IT MAY still be 24 degrees and glorious outside, but the season is over.
The bulk of tourists have schlepped their meticulously packed bags (one ounce too many and you risk airing your dirty laundry in the check-in queue or paying the hefty fine) to the airport and taken off on the last flight out of Utopia for many airlines.
Every nightclub, bar and chiringuito worth its salt has thrown a closing party so hardcore it will probably take most of us until the opening of next season to recover.
The parasols and loungers disappear from the beaches and souvenir shops board up to take a break after a hectic summer of selling sombreros, straw donkeys and ice cream to the tanning masses.
You could be forgiven for thinking that what remains is some post-apocalyptic stillness and silence, that the locals go into some sort of hibernation awaiting the return of the crowds come next spring.
Of course, the truth could not be further from this. Sure, our local offerings are a tad reduced after October, but our favourite restaurants, bars and clubs remain as busy and popular as ever, only now without the clucking of the hen parties from Newcastle or Manchester.
We can finally find somewhere to park and driving becomes just a tad less treacherous without the many tour buses thundering around the narrow, precipitous roads at break-neck speed.
Navigating the streets of Palma is actually pleasurable again after months of ducking in and out of camera-wielding tourists, noses stuck in a map, while walking at a pace normally only set by the slowest of snails.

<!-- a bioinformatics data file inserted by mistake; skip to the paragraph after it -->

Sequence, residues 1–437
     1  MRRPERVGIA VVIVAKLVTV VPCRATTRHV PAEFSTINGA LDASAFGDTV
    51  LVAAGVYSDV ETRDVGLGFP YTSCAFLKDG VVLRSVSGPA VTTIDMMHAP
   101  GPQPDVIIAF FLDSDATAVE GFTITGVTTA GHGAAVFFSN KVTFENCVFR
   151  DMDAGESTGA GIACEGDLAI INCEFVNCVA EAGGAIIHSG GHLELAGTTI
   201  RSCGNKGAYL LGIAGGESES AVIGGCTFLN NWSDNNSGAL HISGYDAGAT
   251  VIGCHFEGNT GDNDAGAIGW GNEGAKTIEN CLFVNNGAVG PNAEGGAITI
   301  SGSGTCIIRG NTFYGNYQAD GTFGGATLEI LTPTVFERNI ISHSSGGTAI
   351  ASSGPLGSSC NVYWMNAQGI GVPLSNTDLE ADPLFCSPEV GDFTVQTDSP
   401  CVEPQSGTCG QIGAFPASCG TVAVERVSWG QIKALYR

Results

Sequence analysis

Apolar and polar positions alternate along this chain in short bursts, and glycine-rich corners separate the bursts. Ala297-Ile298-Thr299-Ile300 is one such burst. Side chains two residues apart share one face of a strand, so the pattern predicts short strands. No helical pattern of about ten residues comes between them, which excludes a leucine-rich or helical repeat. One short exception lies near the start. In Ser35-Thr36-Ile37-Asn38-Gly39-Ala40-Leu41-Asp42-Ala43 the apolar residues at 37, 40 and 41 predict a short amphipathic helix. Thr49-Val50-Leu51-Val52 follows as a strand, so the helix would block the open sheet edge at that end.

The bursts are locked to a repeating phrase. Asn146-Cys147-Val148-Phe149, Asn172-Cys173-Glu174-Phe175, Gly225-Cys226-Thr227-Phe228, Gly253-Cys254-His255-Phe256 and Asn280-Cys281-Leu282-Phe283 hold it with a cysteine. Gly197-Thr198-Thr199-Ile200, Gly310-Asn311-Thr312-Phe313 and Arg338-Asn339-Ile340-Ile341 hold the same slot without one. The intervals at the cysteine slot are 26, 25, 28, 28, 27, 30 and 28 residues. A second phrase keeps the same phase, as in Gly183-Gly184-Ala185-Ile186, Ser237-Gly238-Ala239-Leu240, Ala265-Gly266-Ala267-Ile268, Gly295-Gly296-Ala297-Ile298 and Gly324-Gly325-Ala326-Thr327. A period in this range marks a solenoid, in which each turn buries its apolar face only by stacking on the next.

Fido is finally allowed back on the beach and the steady stream of guests fade away in tune with the distancing orbits of the sun. Isn’t it wonderful when things go back to normal?
Of course, I might not think so if my livelihood depended on it, as it does for so many and people do still find their way to the Iberian shores even now.
And are these off-season visitors not exactly the type the government should be trying to attract? Independent travellers who come here to play golf, see the sights, dine in local restaurants, rather than those lounging on the beach all day or hauled up at an all-inclusive hotel.
It is curious that so little effort seems to be made in promoting ‘off-season’ Spain. It’s still a whole lot warmer here than it is in Northern Europe, an ideal temperature, in fact, for outdoor activities like horse trekking, hiking and perfecting your serve à la Nadal.
And the tourist board must hold little sway with the airlines, many of which have packed up and left town for the winter by now, with few routes open, mostly at elevated prices.
Is the truth, perhaps, that livelihood or not, the Spaniards cherish this quiet part of the year as much as we expats do, and would rather forsake the extra income of winter tourism for some down time with family and friends?
Maybe this is exactly the type of work-life balance we should all be striving for. Just don’t tell our friends over at the European Central Bank or the 25 per cent unemployed here in Spain.
In the same way as the luggage of many potential visitors, this case, too, remains closed for now.